ACE+TAO Opensource Programming Notes/Dealing with IORs

As described earlier, the raw IOR string for tying together client and server isn't the preferred method to getting the two sides to talk together. In a production environment, the usual method is to use a naming service. This serves both as a way to advertise a location for a service, and as a method to keep the effective IOR of the service constant. You might have noticed, had you played with the previous server example more than once that the IOR string tended to change. With this method, you can ensure both consistency and readability.

The infrastructure used by CORBA programs to perform such address registration and lookups is the naming service. For TAO, the naming service is started with several command line args. In the examples below, the arg "-ORBEndPoint" is used to define where the service will listen, and the arg "-ORBDaemon" is designed to force the daemon to actually act like a daemon. Oddly enough, none of the services (daemons) you will be compiling with TAO will actually act like daemons, unless you use this optional arg.

The endpoint is critical to running any TAO service or compiled client/server app. If you don't supply one, the default endpoint is the multicast endpoint. This default endpoint is described as being useful for apps where performance isn't an issue, or for testing. That being said, this author couldn't get the multicast IIOP endpoint to work on a stock Linux FC4 system, even though the Linux system swore that multicasting was up and running. I was able to verify the bug by running the multicast test app under the ACE framework test directory. To ensure that anyone reading this is able to get something up and running, we will therefore set up a client with the explicitly defined endpoint of "localhost".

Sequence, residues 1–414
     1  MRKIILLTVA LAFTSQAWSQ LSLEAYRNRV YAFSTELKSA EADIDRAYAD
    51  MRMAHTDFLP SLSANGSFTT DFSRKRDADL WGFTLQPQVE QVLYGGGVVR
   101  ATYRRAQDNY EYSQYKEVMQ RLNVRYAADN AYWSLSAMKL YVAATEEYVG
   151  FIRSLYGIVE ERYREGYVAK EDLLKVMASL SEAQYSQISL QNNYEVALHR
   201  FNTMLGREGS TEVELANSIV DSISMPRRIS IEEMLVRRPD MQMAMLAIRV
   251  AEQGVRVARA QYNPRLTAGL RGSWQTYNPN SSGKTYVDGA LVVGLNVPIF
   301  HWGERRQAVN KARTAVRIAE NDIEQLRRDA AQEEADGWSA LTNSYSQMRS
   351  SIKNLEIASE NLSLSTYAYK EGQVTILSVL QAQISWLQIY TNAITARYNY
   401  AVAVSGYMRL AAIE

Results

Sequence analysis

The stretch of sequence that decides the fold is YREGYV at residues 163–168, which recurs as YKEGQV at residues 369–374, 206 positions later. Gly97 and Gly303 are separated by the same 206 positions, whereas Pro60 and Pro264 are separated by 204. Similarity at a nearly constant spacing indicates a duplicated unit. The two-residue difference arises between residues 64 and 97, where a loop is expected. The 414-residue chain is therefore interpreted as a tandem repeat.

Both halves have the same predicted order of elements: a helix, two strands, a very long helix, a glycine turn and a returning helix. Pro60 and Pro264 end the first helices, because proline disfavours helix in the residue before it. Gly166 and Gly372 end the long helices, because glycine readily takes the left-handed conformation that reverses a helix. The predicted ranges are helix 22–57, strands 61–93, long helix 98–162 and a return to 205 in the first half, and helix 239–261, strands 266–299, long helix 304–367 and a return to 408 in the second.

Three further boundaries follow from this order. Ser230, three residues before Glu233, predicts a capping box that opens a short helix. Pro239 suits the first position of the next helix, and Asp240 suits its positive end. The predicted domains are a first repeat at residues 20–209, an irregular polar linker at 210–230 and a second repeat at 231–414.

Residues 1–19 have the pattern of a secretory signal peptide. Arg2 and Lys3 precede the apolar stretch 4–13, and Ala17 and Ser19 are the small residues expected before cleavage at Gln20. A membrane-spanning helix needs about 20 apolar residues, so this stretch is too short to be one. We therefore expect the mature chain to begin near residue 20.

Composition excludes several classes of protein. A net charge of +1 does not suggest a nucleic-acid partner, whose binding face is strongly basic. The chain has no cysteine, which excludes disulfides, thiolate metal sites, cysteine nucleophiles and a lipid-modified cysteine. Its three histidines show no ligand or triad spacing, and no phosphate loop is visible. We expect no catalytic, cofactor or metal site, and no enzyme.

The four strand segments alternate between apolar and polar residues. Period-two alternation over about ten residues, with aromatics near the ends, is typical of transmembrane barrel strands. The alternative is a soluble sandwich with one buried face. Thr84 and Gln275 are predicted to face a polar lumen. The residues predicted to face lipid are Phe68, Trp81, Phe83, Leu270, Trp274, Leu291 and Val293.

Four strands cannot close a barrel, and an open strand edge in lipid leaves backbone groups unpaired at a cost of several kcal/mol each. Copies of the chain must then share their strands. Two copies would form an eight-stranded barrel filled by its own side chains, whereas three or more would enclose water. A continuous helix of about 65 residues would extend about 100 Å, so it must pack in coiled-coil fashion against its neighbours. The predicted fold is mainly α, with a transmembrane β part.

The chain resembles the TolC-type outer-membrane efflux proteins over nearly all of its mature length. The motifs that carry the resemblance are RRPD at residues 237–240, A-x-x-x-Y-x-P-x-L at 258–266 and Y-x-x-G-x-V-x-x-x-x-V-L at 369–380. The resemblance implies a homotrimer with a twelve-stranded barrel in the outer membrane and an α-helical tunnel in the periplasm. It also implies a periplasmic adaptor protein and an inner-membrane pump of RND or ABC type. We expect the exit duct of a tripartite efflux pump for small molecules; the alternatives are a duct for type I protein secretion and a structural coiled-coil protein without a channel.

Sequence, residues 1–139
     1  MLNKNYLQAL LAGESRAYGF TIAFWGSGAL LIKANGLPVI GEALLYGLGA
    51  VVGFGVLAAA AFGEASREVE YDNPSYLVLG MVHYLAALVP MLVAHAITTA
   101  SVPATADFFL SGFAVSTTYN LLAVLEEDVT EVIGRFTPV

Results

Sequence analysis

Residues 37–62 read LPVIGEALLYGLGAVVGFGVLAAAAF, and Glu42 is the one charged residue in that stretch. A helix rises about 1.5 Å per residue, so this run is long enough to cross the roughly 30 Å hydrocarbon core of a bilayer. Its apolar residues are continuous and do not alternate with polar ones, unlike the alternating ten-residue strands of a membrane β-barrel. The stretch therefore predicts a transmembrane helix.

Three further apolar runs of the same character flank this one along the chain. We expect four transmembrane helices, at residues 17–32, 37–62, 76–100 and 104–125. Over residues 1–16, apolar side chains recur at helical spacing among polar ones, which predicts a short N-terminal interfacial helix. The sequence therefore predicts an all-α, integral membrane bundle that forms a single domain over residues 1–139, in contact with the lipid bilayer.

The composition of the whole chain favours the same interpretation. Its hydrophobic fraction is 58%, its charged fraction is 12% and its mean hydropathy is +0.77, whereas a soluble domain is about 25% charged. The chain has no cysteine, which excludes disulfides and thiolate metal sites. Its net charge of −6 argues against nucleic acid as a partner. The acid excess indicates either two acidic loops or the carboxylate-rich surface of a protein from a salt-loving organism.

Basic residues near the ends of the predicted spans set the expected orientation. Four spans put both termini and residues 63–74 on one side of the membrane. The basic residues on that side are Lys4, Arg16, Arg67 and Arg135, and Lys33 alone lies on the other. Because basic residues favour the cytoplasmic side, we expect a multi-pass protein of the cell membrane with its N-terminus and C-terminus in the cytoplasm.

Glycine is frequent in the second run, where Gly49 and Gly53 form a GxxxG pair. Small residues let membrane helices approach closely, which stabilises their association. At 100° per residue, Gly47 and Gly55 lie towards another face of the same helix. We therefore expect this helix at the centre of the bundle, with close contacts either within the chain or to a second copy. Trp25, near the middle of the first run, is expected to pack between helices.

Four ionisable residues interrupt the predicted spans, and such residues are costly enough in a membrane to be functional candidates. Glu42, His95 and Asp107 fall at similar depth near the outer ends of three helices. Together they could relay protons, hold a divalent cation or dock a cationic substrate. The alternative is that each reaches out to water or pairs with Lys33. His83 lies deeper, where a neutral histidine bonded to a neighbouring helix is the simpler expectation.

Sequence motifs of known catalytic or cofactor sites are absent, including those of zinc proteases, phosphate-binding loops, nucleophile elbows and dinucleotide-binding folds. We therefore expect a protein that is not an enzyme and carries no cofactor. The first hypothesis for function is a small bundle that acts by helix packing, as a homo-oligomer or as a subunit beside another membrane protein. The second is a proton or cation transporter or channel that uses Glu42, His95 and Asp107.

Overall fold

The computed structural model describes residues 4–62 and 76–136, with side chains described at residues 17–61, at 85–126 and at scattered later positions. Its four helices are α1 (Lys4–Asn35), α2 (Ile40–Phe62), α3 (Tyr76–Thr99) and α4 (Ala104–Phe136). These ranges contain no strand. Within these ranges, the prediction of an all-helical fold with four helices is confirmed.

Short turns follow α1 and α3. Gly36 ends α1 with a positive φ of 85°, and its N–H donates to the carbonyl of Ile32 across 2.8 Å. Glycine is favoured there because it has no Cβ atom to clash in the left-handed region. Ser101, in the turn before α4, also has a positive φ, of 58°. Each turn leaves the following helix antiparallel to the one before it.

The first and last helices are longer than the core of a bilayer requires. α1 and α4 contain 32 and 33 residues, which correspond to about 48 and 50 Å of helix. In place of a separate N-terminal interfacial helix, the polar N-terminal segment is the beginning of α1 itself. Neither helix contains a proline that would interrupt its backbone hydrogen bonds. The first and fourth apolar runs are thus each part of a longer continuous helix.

There are two basic forms of this endpoint, there is the service advertising its services, and the client trying to find a service. To make this discussion intuitive, we will assume that in each example, a naming service server is running and reachable from your test box. To get the naming service started, try the following:

Naming_Service -ORBEndPoint iiop://localhost:12345 -ORBDaemon

This should set up your naming service on port 12345 on the localhost interface. To test that this is up and working, try the following:

nslist -ORBInitRef NameService=corbaloc:iiop:localhost:12345/NameService

This should then produce the following output:

Naming Service:

This shows that your naming service is up and running , but reporting no services yet. To see what a service looks like, try the following command to start the event service (which we will be using in later examples):

CosEvent_Service -ORBInitRef NameService=corbaloc:iiop:localhost:12345/NameService -ORBDaemon

Now, when you run nslist again, you will see the following output:

Naming Service:
  CosEventService: object reference:   Protocol: IIOP,   Endpoint:

Finally, we have a working set of servers we have connected together with IIOP endpoints. When you connect your clients and servers together, you will be using the same process... start the naming server, possibly the event service (or others) and then start in with your clients and servers. For linux, the people associated with the ACE+TAO project have provided RPM packages with script files designed to interract with linux's boot facilities which will start the naming service (and the others) automatically.